Two workshops relating to the future of Public Open Space in WA were held in Perth on the 12th and 19th June, hosted by the Planning Institute of Australia and the Urban Development Institute of Australia, and supported by Essential Environmental.
The forums were driven by the recognition of challenges surrounding future allocation, management and design of Public Open Space in a constrained environment and complex regulatory system, and the need to determine whether traditional open space allocations will meet the needs of the future population, particularly in the face of increased pressure on sporting facilities and groundwater resources.
The workshops were well attended, with over a 100 participants at each workshop from a variety of professional backgrounds.
The first forum focussed largely on the provision of playing fields across the metropolitan area, and how our planning policies may have contributed to a disproportionate distribution of playing fields. It was noted that our focus on new urbanism over the last decade has resulted in walkable neighbourhoods but with little access to playing fields. This was of concern to the majority of people who attended, particularly in light of Ron Alexander’s comments that mental health would be the major disease of our nation by 2020 and that by 2031 we would be missing around 60 football ovals. It was nice to know that WSUD wasn’t to blame for this (thanks Garry!).
We were treated to some great research by Fiona Bull’s team at the University of Western Australia, who have developed POS tool. This unique web-based tool allows you to visualise and analyse the spatial distribution of public open space and features of each space across the Perth Metropolitan and Peel Region. We also heard from the City of Stirling who are experimenting with waterless parks and the City of Swan, who are keen to ensure that form and functionality are the key drivers for their future spaces.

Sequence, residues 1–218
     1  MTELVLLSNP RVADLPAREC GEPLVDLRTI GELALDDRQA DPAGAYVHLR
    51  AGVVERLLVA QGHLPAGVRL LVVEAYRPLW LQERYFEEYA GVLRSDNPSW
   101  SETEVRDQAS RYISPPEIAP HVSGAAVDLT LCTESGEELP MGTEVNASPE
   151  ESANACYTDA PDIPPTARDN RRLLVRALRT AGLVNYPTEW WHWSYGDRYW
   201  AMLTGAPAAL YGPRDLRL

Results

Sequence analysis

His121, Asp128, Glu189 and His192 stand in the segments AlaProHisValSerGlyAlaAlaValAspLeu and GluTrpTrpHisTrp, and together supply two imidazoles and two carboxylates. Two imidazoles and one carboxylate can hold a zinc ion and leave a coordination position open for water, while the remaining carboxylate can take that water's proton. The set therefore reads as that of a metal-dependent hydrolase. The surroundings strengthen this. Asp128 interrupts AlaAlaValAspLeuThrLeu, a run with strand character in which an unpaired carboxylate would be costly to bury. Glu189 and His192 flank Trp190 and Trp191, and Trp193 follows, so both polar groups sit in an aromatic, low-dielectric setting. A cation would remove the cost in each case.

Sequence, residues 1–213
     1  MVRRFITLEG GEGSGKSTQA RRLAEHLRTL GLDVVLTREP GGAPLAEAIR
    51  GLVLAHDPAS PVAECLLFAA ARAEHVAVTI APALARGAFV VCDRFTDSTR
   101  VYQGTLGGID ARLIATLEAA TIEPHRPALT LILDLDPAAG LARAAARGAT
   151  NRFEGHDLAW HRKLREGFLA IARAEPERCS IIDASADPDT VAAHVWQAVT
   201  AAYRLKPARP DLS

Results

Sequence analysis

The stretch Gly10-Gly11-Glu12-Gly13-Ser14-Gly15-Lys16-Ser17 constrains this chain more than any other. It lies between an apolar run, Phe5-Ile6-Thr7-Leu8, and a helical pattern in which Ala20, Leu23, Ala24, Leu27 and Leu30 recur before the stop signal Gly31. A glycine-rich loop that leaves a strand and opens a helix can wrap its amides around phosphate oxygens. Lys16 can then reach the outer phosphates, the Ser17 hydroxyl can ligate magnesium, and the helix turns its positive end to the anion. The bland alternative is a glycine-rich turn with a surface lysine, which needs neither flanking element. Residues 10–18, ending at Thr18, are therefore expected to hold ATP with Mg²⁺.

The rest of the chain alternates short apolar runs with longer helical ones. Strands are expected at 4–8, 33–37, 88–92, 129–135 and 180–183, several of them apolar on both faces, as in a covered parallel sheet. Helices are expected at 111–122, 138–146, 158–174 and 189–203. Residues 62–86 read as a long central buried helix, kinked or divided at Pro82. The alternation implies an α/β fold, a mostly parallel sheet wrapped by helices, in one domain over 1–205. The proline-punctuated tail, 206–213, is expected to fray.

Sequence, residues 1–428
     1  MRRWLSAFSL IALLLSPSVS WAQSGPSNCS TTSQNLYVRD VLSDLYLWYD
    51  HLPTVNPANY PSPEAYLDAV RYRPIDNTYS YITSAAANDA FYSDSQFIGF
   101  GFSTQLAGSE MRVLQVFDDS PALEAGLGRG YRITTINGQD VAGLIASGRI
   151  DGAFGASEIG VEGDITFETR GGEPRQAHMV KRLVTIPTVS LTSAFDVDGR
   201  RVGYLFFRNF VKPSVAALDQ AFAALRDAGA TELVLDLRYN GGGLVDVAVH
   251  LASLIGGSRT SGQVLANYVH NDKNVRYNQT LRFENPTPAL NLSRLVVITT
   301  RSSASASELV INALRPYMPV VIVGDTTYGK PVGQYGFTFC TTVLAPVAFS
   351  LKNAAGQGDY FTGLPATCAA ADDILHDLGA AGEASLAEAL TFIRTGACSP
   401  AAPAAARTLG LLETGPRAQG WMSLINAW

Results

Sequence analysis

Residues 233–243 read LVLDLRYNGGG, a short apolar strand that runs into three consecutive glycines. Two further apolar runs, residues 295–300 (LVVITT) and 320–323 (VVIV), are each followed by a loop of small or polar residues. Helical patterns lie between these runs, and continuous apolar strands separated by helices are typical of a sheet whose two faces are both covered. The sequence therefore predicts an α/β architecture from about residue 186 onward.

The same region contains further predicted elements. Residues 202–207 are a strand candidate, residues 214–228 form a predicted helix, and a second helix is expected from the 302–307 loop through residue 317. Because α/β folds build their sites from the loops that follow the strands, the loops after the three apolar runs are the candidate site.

A number of opportunities for improved open space were raised by forum attendees. These included connecting existing pocket parks via construction of walk paths and other green linkages; taking advantage of streets & verges to increase the greenscape; the opportunity to include community gardens and education spaces within public spaces, as well as the need to share playing fields with schools. And of course – the importance of trees!
A facilitated panel discussion led to some key conclusions. These were:
- The importance of having guidelines for the provision of public open space that described the requirements for form and function of open space
- The delivery of appropriate form and function is best achieved where a Masterplan is able to be produced over a large area
- The key is to focus on open space functionality, so that spaces are provided for a range of recreational activities, not just sport, but for other social purposes. The Department of Sport and Recreation’s new categories for public open space may assist in this.
- Recognition of the diversity of community needs for public open space & how they change with time, particularly in terms of an aging population
- It is imperative that open space is designed collaboratively with Local Government identifying the preferred locations for playing fields & the use of community plans to identify community needs
- There is a need for a better understanding of how spaces are valued and being used so the provision of public open space can be better directed and justified
- Economic viability is important in order to deliver affordable development – need to measure the economic return on the revitalisation of open space
- Need for a political champion to improve the supply of our open space including playing fields, particularly in our outer metropolitan growth (OMG!) areas
- That the planning assessment and leadership by the DoP & WAPC must consider all aspects of the environment, social needs & economic realism.
It was really great to see so many people interested and invested in our quest to deliver the right types of spaces and places for our future communities.
Thanks to PIA and UDIA for starting such an important discussion. We will keep you up to date with where it goes in the future!